Leo Villareal 2010

Curated by JoAnne Northrup
San Jose Museum of Art, August 21, 2010 – January 9, 2011

Leo Villareal is a pioneer in the use of LEDs and computer-driven imagery and known both for his light sculptures and architectural, site-specific works. This exhibition, his first major traveling museum survey, seeks to place Villareal’s body of work within the continuum of contemporary art. Born in Albuquerque, NM, in 1967 and raised in El Paso, TX, and in northern Mexico, Villareal began his studies in stage design and art at Yale University, New Haven, CT. He later pursued graduate studies at the Interactive Telecommunications Program at New York University’s Tisch School of the Arts, NY, and from 1994 to 1997, worked on cutting-edge virtual reality projects at Paul Allen’s Interval Research Corporation in Palo Alto, California. In 1994, Villareal first attended the counterculture festival Burning Man, which inspired him to begin creating immersive experiences on a larger scale. In 1997, he programmed a 16-light strobe structure that he brought to Burning Man. Originally conceived as a nighttime wayfinding device using pulsing light, the simple piece was well received and became the precursor to his work in the light medium.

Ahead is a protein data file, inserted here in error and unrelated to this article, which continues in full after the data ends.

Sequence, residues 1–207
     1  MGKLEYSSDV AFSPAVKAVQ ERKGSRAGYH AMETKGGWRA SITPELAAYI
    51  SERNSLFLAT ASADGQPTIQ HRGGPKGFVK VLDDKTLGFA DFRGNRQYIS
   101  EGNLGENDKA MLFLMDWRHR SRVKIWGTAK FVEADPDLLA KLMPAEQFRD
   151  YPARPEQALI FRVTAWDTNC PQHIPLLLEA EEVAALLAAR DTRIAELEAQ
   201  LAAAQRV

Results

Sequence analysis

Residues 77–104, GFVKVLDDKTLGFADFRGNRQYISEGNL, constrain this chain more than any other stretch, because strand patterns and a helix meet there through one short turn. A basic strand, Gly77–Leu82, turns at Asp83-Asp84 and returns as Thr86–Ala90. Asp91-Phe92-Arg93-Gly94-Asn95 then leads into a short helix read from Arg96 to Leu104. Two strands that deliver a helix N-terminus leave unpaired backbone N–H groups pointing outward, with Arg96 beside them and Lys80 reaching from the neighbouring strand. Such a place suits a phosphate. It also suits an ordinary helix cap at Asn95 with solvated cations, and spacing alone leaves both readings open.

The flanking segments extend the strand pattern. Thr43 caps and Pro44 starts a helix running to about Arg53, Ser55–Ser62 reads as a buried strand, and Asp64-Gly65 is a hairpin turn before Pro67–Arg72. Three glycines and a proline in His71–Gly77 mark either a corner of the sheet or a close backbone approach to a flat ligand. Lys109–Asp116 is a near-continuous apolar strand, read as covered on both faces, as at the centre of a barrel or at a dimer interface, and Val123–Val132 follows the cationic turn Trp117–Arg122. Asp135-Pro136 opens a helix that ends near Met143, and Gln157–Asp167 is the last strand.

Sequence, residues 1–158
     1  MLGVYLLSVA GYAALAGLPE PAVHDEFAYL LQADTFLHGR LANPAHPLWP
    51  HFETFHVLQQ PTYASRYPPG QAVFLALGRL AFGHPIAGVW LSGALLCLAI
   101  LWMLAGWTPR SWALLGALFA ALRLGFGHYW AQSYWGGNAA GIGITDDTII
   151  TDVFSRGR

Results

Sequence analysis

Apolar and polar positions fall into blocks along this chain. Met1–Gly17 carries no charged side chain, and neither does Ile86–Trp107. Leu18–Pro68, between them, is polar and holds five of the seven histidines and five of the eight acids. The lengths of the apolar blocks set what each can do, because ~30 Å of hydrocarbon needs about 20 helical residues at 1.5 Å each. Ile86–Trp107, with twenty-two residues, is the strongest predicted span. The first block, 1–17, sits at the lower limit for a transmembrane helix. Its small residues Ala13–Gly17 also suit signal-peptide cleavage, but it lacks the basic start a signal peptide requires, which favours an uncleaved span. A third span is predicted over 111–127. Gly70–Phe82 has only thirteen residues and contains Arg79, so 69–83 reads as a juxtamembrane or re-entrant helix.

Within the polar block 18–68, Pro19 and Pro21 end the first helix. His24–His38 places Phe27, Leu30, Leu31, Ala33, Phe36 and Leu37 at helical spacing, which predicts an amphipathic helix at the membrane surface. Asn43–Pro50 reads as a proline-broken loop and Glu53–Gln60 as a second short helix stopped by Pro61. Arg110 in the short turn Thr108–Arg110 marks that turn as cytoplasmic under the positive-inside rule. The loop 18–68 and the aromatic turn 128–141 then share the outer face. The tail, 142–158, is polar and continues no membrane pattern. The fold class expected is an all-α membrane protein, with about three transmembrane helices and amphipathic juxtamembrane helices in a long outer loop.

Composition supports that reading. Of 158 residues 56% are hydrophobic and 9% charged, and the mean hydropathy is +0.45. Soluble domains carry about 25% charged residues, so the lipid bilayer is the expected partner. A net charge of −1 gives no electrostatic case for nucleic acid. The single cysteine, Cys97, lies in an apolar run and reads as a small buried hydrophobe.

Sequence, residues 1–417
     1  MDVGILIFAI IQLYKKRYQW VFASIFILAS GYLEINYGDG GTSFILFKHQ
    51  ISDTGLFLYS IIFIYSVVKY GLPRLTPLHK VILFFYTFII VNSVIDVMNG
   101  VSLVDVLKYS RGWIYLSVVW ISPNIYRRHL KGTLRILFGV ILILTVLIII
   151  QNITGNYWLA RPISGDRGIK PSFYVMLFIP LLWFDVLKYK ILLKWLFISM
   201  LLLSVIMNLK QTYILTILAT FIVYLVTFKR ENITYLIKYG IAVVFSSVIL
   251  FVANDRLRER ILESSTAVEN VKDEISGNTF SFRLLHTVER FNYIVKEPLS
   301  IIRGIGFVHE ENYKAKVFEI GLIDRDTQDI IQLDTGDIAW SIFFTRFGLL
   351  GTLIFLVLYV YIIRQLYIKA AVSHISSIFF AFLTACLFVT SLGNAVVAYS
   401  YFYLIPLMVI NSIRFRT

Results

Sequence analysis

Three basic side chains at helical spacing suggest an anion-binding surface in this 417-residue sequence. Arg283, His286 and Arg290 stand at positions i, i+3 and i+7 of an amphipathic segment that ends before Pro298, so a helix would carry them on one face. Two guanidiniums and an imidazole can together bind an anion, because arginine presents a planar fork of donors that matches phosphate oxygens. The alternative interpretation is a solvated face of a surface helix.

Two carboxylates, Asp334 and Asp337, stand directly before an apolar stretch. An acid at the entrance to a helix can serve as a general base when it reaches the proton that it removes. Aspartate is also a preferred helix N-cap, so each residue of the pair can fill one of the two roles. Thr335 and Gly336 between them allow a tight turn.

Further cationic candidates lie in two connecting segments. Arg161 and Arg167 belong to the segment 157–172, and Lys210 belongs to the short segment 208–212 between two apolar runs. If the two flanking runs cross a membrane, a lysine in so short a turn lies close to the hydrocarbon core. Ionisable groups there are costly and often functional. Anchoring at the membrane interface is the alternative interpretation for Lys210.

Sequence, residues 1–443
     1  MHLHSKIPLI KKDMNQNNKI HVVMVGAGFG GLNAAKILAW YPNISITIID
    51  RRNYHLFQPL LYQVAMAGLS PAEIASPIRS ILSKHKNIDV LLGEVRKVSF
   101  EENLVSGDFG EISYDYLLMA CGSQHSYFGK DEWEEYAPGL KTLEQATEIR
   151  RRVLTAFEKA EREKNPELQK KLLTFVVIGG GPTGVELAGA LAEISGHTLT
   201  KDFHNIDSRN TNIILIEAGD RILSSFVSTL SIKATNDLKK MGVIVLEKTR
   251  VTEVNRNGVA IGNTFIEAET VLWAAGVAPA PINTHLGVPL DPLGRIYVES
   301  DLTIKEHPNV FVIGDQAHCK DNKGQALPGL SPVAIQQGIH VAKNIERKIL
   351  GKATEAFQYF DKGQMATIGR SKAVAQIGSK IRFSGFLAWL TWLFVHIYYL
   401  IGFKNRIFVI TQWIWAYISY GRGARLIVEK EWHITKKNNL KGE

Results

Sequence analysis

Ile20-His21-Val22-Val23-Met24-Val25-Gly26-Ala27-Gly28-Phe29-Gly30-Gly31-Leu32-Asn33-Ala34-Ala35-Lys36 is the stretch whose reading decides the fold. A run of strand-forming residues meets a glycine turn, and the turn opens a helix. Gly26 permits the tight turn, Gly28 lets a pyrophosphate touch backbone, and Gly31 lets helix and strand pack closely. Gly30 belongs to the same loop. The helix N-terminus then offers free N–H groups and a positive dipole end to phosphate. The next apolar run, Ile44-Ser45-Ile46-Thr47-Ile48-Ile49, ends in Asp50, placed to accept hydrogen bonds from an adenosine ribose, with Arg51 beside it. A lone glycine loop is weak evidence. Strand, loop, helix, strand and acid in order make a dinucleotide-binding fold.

This exhibition and its catalogue explore how Villareal presents a new vision of art that responds and relates to the innovations of the 21st-century, using computer code and new technology as a medium for abstraction.


© San Jose Museum of Art 2010 – 2011